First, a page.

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Published February 02, 2013, 08:21 AM

Minding Our Elders: What is assisted living?

Mom really should have help bathing and someone should monitor her medications. Even dressing is getting to be a chore because of severe arthritis. The problem is that the facility wants to charge more to provide these services. I thought this kind of care is what assisted living is about. – Greg

By: Carol Bradley Bursack, INFORUM

DEAR CAROL: My mother has lived in a very nice assisted living facility for several years, though she’s been quite independent. It’s a 300 mile drive for me to visit her, so I can only visit occasionally. I have a sister who lives within 25 miles and visits once a week. Mom seems to enjoy her friends and this facility is home to her. However, my sister says that now Mom really should have help bathing and someone should monitor her medications. Even dressing is getting to be a chore because of severe arthritis. The problem is that the facility wants to charge more to provide these services. I thought this kind of care is what assisted living is about. – Greg

DEAR GREG: The terms that describe senior living situations change with the times and can be quite different depending on where people live. In some parts of the country, your mom’s current living situation would be considered independent living, with her increasing needs requiring that she transition to assisted living. The monthly fee increases with the added care services.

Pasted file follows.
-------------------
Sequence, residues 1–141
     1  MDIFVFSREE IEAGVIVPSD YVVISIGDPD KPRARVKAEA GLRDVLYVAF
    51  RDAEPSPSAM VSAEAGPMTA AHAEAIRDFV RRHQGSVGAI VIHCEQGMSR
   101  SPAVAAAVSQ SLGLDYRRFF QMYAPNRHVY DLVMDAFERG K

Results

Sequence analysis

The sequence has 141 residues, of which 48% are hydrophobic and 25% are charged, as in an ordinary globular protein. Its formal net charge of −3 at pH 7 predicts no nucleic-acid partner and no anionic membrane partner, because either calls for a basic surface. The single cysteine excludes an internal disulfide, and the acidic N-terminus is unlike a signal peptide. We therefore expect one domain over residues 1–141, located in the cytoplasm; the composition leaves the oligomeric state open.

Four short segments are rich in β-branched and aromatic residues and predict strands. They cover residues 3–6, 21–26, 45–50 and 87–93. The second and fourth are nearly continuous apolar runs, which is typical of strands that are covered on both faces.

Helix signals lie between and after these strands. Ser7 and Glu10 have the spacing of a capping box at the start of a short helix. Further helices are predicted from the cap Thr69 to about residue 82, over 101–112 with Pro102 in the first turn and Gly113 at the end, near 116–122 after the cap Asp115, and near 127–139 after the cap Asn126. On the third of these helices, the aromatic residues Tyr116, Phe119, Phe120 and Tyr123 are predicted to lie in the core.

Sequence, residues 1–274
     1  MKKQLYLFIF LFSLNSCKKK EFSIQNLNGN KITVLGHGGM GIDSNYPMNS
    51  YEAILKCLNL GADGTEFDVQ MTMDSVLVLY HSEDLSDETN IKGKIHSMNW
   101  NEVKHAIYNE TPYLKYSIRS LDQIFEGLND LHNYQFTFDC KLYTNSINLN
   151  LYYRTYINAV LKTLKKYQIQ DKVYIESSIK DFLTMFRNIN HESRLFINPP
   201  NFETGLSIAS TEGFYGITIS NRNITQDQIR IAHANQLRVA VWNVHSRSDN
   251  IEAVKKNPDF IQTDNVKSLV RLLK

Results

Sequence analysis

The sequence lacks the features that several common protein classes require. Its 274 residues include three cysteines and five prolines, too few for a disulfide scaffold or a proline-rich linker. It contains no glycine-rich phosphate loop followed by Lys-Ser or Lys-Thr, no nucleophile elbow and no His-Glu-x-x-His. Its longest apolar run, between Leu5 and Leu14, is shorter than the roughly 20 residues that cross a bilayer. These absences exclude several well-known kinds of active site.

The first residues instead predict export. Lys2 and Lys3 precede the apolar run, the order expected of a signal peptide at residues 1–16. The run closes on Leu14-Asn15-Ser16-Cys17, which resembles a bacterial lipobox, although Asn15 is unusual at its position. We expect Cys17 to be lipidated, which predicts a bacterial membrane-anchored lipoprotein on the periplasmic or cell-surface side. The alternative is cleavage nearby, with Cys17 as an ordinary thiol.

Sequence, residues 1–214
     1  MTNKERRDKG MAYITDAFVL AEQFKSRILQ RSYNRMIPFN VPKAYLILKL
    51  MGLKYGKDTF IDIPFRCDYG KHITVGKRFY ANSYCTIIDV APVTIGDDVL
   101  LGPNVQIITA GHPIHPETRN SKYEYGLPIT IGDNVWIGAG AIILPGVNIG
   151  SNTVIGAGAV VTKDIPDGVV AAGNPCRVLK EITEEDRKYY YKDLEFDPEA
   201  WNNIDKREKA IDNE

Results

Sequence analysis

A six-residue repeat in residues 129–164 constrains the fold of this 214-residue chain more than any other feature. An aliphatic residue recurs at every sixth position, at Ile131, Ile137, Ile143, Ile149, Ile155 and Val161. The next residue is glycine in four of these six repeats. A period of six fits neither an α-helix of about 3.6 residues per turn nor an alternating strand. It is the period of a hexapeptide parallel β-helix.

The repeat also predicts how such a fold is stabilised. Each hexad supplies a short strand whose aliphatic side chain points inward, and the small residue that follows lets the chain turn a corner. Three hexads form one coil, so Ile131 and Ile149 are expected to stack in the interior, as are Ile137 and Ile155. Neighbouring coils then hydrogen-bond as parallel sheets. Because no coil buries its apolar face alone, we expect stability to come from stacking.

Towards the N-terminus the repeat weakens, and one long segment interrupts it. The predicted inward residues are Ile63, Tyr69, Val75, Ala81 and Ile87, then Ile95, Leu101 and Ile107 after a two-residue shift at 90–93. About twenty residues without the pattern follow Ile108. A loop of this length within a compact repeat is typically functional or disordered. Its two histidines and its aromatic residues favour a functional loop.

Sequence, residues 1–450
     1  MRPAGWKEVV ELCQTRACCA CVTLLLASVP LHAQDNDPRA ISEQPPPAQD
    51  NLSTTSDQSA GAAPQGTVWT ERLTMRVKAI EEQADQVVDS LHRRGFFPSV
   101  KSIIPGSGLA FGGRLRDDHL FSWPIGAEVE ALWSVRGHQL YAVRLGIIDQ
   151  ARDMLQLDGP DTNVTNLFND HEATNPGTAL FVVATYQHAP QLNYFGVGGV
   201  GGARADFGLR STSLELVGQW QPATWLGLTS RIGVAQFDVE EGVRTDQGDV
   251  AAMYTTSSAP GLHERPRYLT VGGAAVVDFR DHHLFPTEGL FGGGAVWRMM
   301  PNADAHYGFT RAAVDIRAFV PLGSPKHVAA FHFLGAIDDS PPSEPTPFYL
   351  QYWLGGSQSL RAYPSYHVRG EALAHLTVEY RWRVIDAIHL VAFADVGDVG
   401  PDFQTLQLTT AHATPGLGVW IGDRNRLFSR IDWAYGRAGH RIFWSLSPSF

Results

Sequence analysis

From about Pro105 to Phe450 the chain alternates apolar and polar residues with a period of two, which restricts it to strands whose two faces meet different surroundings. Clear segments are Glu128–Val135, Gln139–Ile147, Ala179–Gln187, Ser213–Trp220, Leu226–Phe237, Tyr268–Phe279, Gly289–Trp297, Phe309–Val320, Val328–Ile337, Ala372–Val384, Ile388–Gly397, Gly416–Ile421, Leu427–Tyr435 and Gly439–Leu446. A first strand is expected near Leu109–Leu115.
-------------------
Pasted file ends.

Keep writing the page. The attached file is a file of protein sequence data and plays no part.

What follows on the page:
In other parts of the country, assisted living is a type of communal living where meals are provided, group activities are offered and someone is available in case of an emergency. If in-unit care is needed, as is your mom’s case, then additional charges apply, depending on services. The confusion lies in labeling more than services, since in either case, increased care involves increased fees.

I’d suggest that you, your sister and your mom seriously talk about Mom’s increased care needs, realities and preferences so you can decide how to get them met. Since your mom enjoys her current home, you’ll likely want to keep her there as long as possible. The facility likely has limits even with in-unit care, so while you are working this through you may want to inquire about their capabilities when it comes to skilled nursing care. If you learn more about the limits of this assisted living facility, you’ll be better prepared to plan for your mom’s future.

Likely, the terms for your mother’s current care are spelled out in the contract that she or a family member signed when she moved in. If you and your sister re-read the contract for the facility and still think they shouldn’t be raising the fee for her increased care needs, then one or both of you may want to follow up with the facility administration. After talking with them, if you still feel that the facility is under-serving your mother according to the contract, you can ask for help from the long-term care ombudsman for that area. You can find this contact online at www.ltcombudsman.org. When you type in the nursing home’s Zip code you’ll be led to your representative. State websites should have this information, as well.

Carol Bradley Bursack is the author of a support book on caregiving and runs a website supporting caregivers at www.mindingourelders.com.

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